- National Extended Diploma subjects / grades required: MMM in relevant area if studied on its own or to the total of 80 UCAS points when combined with other qualifications
Access to Higher Education Diploma
- Access to Higher Education Diploma acceptability: Acceptable on its own and combined with other qualifications
- Further information: Overall Pass Required
- Additional information: 26 IB Points
- Welsh Baccalaureate: Acceptable on its own and combined with other qualifications
- Irish Leaving Certificate: Acceptable on its own and combined with other qualifications
- Grades / subjects required: 80 UCAS points
- Scottish Higher: Acceptable on its own and combined with other qualifications
- Scottish Advanced Higher: Acceptable on its own and combined with other qualifications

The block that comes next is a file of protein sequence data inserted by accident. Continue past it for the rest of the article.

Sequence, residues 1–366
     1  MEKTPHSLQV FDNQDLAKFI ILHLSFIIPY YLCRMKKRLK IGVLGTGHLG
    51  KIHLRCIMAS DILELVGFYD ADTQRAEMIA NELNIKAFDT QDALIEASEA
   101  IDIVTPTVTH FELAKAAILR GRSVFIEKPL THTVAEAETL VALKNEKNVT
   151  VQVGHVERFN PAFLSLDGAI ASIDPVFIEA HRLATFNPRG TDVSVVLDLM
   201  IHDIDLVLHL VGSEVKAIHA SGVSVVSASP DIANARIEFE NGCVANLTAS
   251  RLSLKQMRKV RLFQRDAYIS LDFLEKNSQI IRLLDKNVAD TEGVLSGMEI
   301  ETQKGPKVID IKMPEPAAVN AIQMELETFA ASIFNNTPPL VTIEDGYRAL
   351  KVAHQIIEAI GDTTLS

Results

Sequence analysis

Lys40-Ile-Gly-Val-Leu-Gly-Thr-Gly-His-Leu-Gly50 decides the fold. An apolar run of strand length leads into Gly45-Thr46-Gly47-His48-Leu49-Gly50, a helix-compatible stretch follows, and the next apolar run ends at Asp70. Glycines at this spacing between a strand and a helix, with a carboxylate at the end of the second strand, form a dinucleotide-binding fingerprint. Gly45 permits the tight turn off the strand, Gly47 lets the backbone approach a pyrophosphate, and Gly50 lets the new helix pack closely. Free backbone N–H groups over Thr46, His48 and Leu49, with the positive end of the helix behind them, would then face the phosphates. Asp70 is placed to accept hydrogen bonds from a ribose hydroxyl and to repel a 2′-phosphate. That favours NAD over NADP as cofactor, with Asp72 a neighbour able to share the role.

OCR National acceptability
- National Certificate: Acceptable only when combined with other qualifications
- National Diploma: Acceptable only when combined with other qualifications
- National Extended Diploma: Acceptable only when combined with other qualifications
- Are Level 3 NVQs acceptable? Acceptable when combined with other qualifications
Alternative qualifications considered
Please contact the University if you have any questions regarding the relevance of your qualifications.
Please Note: All international qualifications are subject to a qualification equivalency check.Can this course be deferred?
YesIs a DBS check required?
The University reserves the right to withdraw or make alterations to a course and facilities if necessary; this may be because such changes are deemed to be beneficial to students, are minor in nature and unlikely to impact negatively upon students or become necessary due to circumstances beyond the control of the University. Where this does happen, the University operates a policy of consultation, advice and support to all enrolled students affected by the proposed change to their course or module.
Further information on the terms and conditions of any offer made, our admissions policy and the complaints and appeals process.